2014-12-23 Energy Week

Please note that this post is being developed.

Thursday, December 18:

  • The Australian Coalition government’s latest witch-hunt against wind energy has not produced a lot of fertile fodder for the anti-renewables brigade. In fact, after a month it has elicited a single contribution, from a pro-nuclear dooms-dayer who says nuclear energy will be helpful to keep us warm in the impending ice age. [RenewEconomy]
  • Over the next two years, America will build roughly 13 GW of utility-scale solar PV plants, more the country’s cumulative solar capacity across all sectors reached at the end of 2013. Why? Utilities are now able to consistently buy solar electricity from large plants for between 4.5 cents and 7.5 cents per kilowatt-hour. [Energy Collective]
  • New York Gov. Andrew Cuomo announced on Dec. 17 that hydraulic fracturing will be banned in New York, following the release of a long-anticipated study that concluded fracking could pose “significant public health risks.” 96% of all papers published on health impacts of fracking indicate potential risks or adverse health outcomes. [Wisconsin Gazette]
  • The Senate voted 76-16 to extend the biodiesel and renewable energy production tax credits – as well as dozens of other tax breaks – in one of its final acts before adjourning Tuesday. The measure extends the tax breaks for a year – but retroactive to their expiration last January, so the clock runs out again on December 31. [Houston Chronicle]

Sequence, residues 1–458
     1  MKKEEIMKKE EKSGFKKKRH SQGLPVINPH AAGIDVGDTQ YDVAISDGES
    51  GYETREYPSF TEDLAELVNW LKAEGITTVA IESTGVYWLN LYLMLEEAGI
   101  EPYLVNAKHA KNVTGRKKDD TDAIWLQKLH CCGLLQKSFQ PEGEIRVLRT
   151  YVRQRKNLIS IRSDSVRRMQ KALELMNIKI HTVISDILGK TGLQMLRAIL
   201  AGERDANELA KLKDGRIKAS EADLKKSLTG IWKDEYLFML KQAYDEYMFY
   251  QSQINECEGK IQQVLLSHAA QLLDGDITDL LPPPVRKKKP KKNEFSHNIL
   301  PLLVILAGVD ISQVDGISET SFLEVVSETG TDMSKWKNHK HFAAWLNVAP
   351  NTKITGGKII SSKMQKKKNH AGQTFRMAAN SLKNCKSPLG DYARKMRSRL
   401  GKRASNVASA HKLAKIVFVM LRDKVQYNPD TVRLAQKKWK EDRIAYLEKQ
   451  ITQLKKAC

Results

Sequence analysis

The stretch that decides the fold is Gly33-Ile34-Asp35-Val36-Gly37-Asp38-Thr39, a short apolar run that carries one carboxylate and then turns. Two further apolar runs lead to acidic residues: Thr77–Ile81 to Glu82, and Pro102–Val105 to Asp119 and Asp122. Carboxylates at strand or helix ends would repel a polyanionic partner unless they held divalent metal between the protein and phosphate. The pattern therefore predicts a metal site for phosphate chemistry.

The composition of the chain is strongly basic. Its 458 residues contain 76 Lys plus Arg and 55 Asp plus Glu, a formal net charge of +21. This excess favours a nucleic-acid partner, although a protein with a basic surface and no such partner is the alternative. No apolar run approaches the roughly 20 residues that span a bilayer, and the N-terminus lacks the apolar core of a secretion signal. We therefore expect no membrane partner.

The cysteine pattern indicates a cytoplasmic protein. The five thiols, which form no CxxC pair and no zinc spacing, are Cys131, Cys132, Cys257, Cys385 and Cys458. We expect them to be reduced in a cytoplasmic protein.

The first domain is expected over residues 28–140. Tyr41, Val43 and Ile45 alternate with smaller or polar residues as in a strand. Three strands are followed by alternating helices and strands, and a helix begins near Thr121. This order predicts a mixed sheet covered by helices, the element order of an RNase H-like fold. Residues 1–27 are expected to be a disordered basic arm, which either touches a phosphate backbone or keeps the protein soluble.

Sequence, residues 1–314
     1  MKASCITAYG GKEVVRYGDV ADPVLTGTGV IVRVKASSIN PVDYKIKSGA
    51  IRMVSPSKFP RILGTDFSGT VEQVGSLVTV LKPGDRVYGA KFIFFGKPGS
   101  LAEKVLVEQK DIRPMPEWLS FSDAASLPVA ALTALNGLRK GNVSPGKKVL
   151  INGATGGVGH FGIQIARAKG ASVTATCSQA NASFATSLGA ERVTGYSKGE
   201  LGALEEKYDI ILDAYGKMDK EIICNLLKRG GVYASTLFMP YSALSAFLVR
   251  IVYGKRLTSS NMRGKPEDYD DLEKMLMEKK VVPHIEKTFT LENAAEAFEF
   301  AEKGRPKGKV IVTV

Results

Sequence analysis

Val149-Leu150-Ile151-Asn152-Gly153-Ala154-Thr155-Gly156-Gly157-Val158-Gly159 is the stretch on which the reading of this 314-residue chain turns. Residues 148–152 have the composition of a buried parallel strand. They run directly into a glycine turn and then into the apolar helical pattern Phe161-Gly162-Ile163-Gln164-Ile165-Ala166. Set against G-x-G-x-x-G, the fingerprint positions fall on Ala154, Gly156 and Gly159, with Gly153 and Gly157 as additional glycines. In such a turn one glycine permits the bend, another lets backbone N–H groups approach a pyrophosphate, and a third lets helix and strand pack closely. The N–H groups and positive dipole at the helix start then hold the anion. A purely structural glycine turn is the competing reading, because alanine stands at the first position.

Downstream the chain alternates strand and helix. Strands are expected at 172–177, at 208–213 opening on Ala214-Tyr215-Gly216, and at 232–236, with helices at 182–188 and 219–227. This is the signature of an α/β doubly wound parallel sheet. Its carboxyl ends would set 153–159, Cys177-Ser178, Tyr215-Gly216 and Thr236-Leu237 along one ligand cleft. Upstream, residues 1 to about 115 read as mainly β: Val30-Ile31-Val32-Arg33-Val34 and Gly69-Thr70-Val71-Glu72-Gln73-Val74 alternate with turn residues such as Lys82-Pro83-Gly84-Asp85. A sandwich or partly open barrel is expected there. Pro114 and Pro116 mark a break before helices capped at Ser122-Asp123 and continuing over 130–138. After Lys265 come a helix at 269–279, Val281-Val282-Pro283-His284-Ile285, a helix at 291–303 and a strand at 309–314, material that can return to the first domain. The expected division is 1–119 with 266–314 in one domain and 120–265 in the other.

• As flagship nuclear projects run into long delays and huge cost overruns, solar and wind power are falling in price. Renewables already supply twice as much power as nuclear, and are winning out just about everywhere. They now supply over 19% of global primary energy and 22% of global electricity. Nuclear is at 11% and falling. [The Ecologist]

Friday, December 19:

  • In largely positive review of US energy policy, the International Energy Agency scolded the federal government for failing on consistent long-term policy support for energy with low carbon emissions, such as nuclear power and renewables. The IEA recommends a 5-year extension of the wind tax credit, gradually reduced to zero. [Forbes]
  • The amount of clean power made in Scotland has matched that produced from fossil fuels for the first time, in a record year for renewables, ­according to the latest figures. Renewable sources accounted for 32% of all Scottish electricity  – equal to the output from oil, coal and gas. Nuclear power stations provided 34.9 per cent. [Scotsman]
  • Two recent studies disproved the ideas that wind farms affect health and property values, and now a review by the British Trust for Ornithology and the University of Highlands and Islands’ Environmental Research Institute found that 99% of seabirds are likely to alter their flight paths to avoid collision with offshore wind turbines. [CleanTechnica]

Saturday, December 20:

  • In Scotland, developers have announced that construction work on the world’s largest tidal energy project is set to begin next month. The MeyGen project, a 269-turbine installation, is expected to power 175,000 homes. Atlantis has secured more than £51 million in funding for the first phase of the project. [stv.tv]
  • India has offered to set up an insurance pool to indemnify global nuclear suppliers against liability in case of a nuclear accident in a bid to unblock billions of dollars held up by US investors over concerns of exposure to risk. Currently, nuclear equipment suppliers are liable for damages from an accident. [domain-B]